2.199         However, First Voice pointed out that this new system only applies to children aged nought to six years who attend Australian Hearing for the first time. As a result, according to First Voice, a significant proportion of children who have already been engaged with Australian Hearing prior the implementation of this new system still do not have a plan despite eligibility to the Scheme. Furthermore, this process does not apply to children aged seven or more.[161]

2.200         As the a result, First Voice recommended that the NDIA commission Australian Hearing to check, and if required, initiate the NDIS process for these children.[162]

Uncertain future of Australian Hearing

2.201         On 21 June 2018, the Minister for Social Services announced that Australian Hearing's in-kind support would be extended until 30 June 2020.[163]

2.202         The referral pathway relies on Australian Hearing being the sole provider of paediatric audiology services. Currently, this exclusive role is only secured until 30 June 2020.  

2.203         As described by First Voice, the future of Australian Hearing beyond this time remains uncertain and, if the role of Australian Hearing changes, this new pathway will cease to function.[164]

2.204         At the roundtable, Dr Jim Hungerford stressed the importance of urgently clarifying and securing the future of Australian Hearing:

We really implore the government [...] to resolve the situation for Australian Hearing, otherwise all of the advances could be destroyed.[165]

Funding in plans

2.205         During the inquiry, the committee received compelling evidence from specialist service providers about shortfalls in funding between the costs of providing early intervention hearing services and the funding provided in plans.

2.206         First Voice reported significant improvements with the NDIA interim approach of two standard tiers to determine funding for children's first plans. This interim approach is now being replaced by a four-tier system, which is much more closely aligned to the service costs incurred by children that require, low, medium, high or intense support.[166]

2.207         The new four-tier system for initial plans is expected to be implemented from 1 March 2019.[167]

2.208         However, First Voice is concerned that the audiological diagnosis is the only factor considered for determining the appropriate funding for the initial plan. For example, it does not take into account other factors, such as diagnosed communication delay or a complex family context needing additional support to implement the therapies.[168]

2.209         A reliance on audiological diagnosis alone can result in some cases in underfunding of plans:

An example of this is a particular case of a child aged 4 years 8 months who was granted a funding package through the rapid referral pathway. The child has moderate sensorineural hearing loss but this was only diagnosed at 3 ½ years of age which resulted in a severe language delay. The initial $16,000 package is not sufficient for the intense specialised intervention for hearing required in preparation for commencing school in 2020.[169]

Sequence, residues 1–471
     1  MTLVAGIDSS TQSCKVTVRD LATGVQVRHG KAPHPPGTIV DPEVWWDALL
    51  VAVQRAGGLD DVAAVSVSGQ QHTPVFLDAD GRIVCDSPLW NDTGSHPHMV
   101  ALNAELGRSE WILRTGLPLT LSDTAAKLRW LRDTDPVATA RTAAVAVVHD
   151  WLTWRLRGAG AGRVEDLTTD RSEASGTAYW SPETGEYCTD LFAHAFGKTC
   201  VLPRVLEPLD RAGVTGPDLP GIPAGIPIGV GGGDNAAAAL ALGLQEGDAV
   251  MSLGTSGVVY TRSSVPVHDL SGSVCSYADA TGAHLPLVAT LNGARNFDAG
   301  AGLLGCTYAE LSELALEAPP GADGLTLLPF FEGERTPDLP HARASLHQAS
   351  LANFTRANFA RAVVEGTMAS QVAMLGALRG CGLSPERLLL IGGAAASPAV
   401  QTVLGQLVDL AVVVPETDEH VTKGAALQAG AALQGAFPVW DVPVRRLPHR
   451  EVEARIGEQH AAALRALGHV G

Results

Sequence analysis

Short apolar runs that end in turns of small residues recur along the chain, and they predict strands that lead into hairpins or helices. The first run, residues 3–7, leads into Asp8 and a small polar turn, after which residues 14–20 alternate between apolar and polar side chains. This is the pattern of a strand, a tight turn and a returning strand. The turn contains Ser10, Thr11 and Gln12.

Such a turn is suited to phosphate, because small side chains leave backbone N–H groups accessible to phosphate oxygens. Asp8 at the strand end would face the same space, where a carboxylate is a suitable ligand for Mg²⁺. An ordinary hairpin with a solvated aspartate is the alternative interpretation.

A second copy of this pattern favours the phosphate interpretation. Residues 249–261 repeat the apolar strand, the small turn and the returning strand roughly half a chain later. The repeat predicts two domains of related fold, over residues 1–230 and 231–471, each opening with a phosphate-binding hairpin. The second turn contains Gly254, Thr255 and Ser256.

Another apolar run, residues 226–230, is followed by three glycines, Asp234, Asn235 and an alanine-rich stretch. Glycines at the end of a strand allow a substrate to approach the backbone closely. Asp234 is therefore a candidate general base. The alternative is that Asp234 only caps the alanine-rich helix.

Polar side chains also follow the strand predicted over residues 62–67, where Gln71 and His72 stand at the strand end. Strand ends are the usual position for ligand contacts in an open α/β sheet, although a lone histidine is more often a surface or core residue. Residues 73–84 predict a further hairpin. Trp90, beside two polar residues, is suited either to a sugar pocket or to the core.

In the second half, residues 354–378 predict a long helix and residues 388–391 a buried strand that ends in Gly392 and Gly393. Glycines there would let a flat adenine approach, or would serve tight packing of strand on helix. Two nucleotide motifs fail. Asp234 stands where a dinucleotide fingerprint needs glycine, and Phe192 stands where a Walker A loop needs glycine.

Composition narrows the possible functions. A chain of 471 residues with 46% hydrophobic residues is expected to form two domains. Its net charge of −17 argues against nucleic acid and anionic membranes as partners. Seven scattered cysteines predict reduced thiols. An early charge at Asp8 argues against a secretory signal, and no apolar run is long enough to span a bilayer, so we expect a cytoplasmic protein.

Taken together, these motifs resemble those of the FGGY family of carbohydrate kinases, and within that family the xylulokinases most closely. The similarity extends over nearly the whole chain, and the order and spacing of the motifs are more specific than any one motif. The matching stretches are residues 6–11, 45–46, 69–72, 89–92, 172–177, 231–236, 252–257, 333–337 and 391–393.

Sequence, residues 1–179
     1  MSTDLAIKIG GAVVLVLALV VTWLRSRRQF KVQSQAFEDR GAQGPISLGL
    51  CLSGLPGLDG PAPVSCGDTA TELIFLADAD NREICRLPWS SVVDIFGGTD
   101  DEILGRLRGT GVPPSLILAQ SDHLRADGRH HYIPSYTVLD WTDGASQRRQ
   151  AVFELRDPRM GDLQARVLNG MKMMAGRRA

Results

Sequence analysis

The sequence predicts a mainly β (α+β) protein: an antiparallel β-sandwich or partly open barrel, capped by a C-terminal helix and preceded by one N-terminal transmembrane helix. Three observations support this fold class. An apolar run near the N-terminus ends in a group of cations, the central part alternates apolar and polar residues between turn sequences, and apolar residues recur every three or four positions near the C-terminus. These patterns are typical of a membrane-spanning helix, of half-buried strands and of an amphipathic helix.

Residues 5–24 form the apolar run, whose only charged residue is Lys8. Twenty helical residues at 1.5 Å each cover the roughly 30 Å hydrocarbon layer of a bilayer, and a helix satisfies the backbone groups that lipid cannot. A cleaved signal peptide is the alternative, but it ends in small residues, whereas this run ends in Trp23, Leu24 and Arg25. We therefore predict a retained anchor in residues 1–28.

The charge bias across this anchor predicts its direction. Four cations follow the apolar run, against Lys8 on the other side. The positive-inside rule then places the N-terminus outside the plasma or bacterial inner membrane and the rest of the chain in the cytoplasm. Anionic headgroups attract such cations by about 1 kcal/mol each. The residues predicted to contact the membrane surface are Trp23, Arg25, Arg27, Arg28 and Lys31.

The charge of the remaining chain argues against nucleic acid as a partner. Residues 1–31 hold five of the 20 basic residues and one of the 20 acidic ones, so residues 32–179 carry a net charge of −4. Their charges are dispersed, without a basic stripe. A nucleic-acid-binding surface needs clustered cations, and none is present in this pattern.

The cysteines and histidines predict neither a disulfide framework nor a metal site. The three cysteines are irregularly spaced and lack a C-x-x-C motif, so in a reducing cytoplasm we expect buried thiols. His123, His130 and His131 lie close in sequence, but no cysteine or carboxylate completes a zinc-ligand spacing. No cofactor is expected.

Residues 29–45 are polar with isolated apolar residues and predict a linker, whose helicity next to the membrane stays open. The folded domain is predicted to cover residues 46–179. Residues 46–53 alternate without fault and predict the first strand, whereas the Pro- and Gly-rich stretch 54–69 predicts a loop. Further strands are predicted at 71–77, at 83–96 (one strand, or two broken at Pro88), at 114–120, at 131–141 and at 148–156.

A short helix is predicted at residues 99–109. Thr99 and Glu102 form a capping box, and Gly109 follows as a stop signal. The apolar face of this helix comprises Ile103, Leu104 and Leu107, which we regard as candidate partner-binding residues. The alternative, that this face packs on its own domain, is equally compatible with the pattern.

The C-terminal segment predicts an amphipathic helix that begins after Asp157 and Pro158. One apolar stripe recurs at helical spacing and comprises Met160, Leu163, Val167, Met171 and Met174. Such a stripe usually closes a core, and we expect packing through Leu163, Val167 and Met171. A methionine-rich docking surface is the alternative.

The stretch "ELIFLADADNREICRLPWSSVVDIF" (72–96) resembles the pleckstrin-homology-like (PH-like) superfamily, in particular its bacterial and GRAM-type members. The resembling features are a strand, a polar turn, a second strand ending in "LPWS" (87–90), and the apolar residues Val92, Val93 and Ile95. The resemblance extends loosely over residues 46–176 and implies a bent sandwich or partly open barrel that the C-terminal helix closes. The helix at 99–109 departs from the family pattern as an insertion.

Committee view

2.210         The committee acknowledges the significant work the NDIA has recently undertaken to develop referral and funding approaches that will appropriately support children with hearing loss, their families and carers.

Referral pathway

2.211         The establishment of the referral pathway through Australian Hearing for newly diagnosed children aged nought to six years is encouraging. However, the committee noted the concerns expressed by the sector around the limited remit of this referral pathway. The committee is of the view that Australian Hearing should be able to refer, at any time, a child to the NDIS, as it is best placed to provide expert advice on the needs of children who have hearing loss.

Recommendation 14

2.212         The committee recommends the NDIA ensure that the hearing referral pathway delivered by Australian Hearing is available to all children.

2.213         The committee is concerned that this referral pathway has an uncertain future and is, in essence, an interim measure. Indeed, the in-kind arrangements with Australian Hearing are only secured until 30 June 2020.

Recommendation 15

2.214         The committee recommends Australian Hearing be formally appointed as the independent referral pathway for access to early intervention services under the NDIS on an ongoing basis, and funded appropriately for this role.

Funding in plans

2.215         The committee is satisfied with the scaled funding model being introduced by the NDIA to fund hearing services supports. The committee notes the concerns expressed by the sector around the underfunding of plans for children with additional disabilities or more complex needs. The committee is of the view that it is the responsibility of the Early Childhood Partner to ensure that additional funding is factored in plans for other appropriate support needs that may be required for a child.